Varying theories have emerged about the waves of occupation at Chichen Itza. The Maya of the Classic Period built cities without walls and carved out their scientific knowledge using high level mathematics and astronomy, employing stone stelae that calculated their own calendar back to the year 3113 BC in accordance with an important astronomical event. According to the archaeologist Eric Thompson, the classic Maya disappeared before the arrival of the Itza people whose culture introduced non-Maya influence. The Post-Classic Period was initiated with the construction of the Pyramid of Kukulcan, the Temple of One Thousand Columns, the Temple of the Warriors and the Great Ball court. With these constructions, the architecture and sculpted stone underwent a transformation under the dominion of the Toltecs from Tula.
In his books about the Maya, archaeologist Alberto Ruz argues that the Itzae discovered the early structures and settled in Chichen Itza where they built temples and laid down the white paths. They stayed for a couple of centuries before abandoning the place in the year 632 AD. It is thought that they abandoned the place for Chekanputun and are believed to have stayed for almost three centuries until they were expelled and became dispersed. In 848 AD, a group of Itzaes founded Mayapan and established the Cocom dynasty while others went back to Chichen Itza and brought with them hybrid Toltec influences.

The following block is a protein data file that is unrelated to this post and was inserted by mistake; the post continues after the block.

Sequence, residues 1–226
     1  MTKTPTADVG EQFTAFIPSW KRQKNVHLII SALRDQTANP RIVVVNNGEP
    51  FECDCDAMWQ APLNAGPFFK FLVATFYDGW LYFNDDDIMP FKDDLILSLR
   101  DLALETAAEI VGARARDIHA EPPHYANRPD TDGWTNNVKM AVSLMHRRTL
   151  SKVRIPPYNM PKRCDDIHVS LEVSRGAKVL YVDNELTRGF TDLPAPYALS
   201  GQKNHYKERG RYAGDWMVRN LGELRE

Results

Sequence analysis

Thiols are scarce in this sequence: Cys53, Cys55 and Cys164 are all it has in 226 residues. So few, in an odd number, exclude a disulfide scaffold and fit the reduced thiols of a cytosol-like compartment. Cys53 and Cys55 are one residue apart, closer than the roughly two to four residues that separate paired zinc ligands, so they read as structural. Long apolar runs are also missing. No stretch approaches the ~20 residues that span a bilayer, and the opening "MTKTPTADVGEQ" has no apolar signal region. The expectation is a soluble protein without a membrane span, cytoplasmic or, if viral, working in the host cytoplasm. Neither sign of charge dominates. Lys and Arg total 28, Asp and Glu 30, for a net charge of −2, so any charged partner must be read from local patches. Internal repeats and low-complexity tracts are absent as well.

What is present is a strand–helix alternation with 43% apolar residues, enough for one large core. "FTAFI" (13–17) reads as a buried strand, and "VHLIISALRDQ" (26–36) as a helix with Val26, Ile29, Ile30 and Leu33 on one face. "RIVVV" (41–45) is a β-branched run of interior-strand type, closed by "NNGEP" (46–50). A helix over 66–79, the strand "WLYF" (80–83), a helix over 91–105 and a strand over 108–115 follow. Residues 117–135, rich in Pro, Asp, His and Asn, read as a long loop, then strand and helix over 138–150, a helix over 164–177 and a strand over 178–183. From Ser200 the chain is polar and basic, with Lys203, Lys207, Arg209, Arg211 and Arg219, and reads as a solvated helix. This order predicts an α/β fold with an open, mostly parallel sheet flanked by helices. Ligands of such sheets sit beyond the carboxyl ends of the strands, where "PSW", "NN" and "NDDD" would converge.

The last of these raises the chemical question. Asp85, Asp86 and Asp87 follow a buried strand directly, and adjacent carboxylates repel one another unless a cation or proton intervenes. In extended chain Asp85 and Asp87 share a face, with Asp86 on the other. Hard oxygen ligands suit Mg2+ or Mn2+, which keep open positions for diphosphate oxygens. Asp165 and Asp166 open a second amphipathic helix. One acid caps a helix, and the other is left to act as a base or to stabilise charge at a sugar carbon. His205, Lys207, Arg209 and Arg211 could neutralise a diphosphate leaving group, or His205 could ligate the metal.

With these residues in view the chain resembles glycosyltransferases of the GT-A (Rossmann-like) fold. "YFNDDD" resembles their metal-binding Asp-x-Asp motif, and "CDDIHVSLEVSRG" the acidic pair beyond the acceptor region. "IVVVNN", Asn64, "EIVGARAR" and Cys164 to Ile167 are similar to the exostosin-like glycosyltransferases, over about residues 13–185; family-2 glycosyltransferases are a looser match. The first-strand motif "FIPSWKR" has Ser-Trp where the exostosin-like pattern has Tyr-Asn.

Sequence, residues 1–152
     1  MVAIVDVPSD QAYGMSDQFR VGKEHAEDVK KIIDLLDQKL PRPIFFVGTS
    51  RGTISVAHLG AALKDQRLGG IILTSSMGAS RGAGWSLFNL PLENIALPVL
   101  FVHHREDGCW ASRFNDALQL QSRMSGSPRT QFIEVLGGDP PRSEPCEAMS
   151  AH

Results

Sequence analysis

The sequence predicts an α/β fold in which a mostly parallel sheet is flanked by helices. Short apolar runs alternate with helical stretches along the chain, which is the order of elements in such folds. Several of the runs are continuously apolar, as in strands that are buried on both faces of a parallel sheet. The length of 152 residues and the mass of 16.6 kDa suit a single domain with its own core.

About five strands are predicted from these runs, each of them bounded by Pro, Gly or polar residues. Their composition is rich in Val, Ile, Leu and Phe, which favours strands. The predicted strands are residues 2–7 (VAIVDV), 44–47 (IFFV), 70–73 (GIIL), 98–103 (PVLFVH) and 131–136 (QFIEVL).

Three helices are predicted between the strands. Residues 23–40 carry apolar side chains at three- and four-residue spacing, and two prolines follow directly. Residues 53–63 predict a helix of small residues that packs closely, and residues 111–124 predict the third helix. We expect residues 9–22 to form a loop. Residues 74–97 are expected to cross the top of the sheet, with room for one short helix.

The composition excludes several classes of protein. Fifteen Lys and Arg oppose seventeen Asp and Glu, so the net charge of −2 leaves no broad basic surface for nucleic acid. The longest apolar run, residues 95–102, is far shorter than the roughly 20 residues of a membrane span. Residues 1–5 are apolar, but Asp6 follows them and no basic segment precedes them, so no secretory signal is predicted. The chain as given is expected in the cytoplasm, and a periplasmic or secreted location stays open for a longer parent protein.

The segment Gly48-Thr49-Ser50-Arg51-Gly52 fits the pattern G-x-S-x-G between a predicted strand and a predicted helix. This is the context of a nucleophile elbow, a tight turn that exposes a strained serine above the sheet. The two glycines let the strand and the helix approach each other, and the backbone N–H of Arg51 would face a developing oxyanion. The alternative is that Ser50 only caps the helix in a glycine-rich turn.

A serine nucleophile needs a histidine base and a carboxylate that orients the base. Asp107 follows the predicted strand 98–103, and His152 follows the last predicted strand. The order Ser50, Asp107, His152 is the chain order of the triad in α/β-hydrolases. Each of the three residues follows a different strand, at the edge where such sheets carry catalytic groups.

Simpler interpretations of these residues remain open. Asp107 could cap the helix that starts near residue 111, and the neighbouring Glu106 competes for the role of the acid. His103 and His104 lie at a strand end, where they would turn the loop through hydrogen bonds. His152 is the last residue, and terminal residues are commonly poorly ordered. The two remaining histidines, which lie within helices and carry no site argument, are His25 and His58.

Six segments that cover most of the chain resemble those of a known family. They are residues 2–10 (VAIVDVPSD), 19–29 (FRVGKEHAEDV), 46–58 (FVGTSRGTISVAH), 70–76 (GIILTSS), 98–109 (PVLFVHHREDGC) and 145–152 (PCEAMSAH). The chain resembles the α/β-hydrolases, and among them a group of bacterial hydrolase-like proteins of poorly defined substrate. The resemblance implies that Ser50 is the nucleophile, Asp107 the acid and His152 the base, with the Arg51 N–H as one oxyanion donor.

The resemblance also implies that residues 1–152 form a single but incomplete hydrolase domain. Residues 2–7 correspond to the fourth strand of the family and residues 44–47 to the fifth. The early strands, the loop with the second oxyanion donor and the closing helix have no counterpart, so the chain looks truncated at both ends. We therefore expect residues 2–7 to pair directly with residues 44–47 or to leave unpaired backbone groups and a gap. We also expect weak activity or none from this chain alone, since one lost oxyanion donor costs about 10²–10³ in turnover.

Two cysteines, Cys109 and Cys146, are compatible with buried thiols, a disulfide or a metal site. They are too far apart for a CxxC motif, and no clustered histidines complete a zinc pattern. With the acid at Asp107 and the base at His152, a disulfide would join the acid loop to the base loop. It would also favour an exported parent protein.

The water sorcerers re-established themselves in the city and created the impressive buildings of the second Maya empire which would last only a few centuries. By the end of the 10th century, other priests and warriors arrived under the command of the Toltec ruler Kukulcan, a historical figure that gave rise to the myth of the plumed serpent, who had been expelled from Tula.
Dressed in black and vested with full powers, he promised to return by way of the east. Four centuries later, they would confuse him with Hernan Cortes but the Itzaes never held that belief since they had never supplanted their belief in the god Huizchilopochtli, nor did they wage glorious wars to hunt down men. But nevertheless they did not escape the increase of human sacrifices that characterised the Post Classic Period.
The new style that brought together Maya and Tolmec traditions was seen by the omnipresent image of the plumed serpent called by many names such as Gucumatz, Kukulcan and Quetzalcoal. It was expanded with a fusion of worldviews that led to modification of the structures. Its Tolmec heritage is evident in the growing representation of military symbols where sculptures and carvings of warriors began to appear on altars as well as images of the god of death, Tezcatlipoca, and scenes of hearts being ripped out in human sacrifices. The power of the warrior caste would later increase in Mesoamerica until the end of the Aztec Empire.